Alcatel Upbeat on Q3
Alcatel showed €160 million (about US$186 million) in income from operations, more than a six-fold increase from last quarter (see Alcatel Narrows Q2 Loss as Sales Slip). Net losses were reduced by 58 percent, to €284 million, about ($331 million).
Alcatel's starting to see its cost-cutting efforts pay off in healthier ratios of profit and operating income to sales. The gross margin was 35.6 percent, compared to last quarter's 31.4 percent. The operating return on sales ratio was 5.3 percent, up from 0.7 percent last quarter and -4.6 percent for the first quarter 2003. Net cash on the books is €541 million (about $629 million).
While quarterly net sales fell 3 percent sequentially to €3.04 billion (about $3.53 billion), execs said reaching breakeven at that level was better than expected, and the near-term outlook is good. "Fourth quarter sales should grow sequentially in the twenties, with our operating return on sales up by a few points," stated CEO Serge Tchuruk, in a prepared statement. Operating income for the year will be positive, he said.
Tchuruk characterized the telecom market, which accounted for about 44 percent of this quarter's sales, as "still soft but stabilizing," on a conference call with financial analysts today. Broadband access and DSL are strong, and Alcatel sees "traction" in IP telephony and IP routing. Applications software, such as programs provided to carriers for messaging and other telecom services, is another bright spot.
The worst of the telecom downturn is over, Tchuruk said, particularly in Europe. While it's not clear whether market movement will be "flat, flattish, up, or down a bit" in the future, carriers are out of their cash crunch and talking to Alcatel about ways to improve their networks. Still, Tchuruk said, these talks haven't materialized into actual orders.
Tchuruk said the enterprise equipment market, which accounted for about 32 percent of sales, is also out of the doldrums. But he refused to elaborate, saying only that he saw "colorful" activity there.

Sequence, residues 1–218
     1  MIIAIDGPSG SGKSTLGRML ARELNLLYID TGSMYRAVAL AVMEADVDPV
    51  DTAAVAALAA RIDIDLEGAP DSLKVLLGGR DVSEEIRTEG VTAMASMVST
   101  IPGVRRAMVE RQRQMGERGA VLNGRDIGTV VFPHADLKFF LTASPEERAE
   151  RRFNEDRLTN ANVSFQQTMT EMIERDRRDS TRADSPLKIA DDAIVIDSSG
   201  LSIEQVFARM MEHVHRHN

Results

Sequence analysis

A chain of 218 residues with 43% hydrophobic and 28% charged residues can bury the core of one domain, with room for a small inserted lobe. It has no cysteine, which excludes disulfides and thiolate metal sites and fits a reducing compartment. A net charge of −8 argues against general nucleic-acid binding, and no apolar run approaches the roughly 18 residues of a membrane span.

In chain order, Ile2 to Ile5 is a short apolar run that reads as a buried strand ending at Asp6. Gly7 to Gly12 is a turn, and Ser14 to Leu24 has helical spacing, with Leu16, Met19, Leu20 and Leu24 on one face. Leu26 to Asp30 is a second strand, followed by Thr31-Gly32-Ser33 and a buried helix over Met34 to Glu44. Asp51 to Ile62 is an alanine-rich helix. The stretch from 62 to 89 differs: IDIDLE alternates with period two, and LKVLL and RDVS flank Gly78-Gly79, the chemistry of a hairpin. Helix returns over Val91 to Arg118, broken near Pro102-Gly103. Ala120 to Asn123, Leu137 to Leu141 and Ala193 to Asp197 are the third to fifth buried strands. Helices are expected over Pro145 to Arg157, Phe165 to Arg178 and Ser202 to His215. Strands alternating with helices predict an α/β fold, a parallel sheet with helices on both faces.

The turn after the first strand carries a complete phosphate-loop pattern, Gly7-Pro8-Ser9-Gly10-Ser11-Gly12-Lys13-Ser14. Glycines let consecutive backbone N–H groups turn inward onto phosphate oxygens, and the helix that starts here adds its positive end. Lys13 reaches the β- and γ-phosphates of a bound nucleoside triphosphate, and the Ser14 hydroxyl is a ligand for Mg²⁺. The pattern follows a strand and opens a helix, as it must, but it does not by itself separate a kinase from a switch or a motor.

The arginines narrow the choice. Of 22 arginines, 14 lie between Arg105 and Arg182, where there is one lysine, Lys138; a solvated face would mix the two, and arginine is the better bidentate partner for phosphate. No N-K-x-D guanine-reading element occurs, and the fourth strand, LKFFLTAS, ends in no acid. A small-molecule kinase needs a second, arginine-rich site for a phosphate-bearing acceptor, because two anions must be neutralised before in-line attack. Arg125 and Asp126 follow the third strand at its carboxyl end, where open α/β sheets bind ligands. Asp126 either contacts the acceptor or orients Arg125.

Mobile communications, about 27 percent of sales, showed "good performance," Tchurk said, with the most progress in 3G sales, a trend he expects to continue.
Trouble spots remain. Poor sales of wireless handsets remain an ongoing drawback for Alcatel, and though it's not clear what the company plans to do about it, Tchuruk promised some action this year. Optics, including optical networking equipment, submarine gear, and fiber, also were down, but Tchuruk said the company expects to see the sector "revive" at some point.
Meanwhile, Alcatel will continue to cut costs by closing facilities and laying off workers. Alcatel started the third quarter with about 69,000 employees worldwide, but it will end the year with fewer than 60,000.
Analysts seem pleased with Alcatel's results, if only as a confirmation that the downturn has bottomed out. "Almost all equipment stocks have surprised on the upside with regard to gross margins," write analysts Stuart Jeffrey and Matt Jones of Lehman Brothers in a note today. While expressing "disappointment" with revenues, the analysts waxed hopeful: "Much work needs to be done across the sector to get operating expenses back in line, but current indications suggest that overall profitability in the sector could exceed market expectations across the board."
— Mary Jander, Senior Editor, Light Reading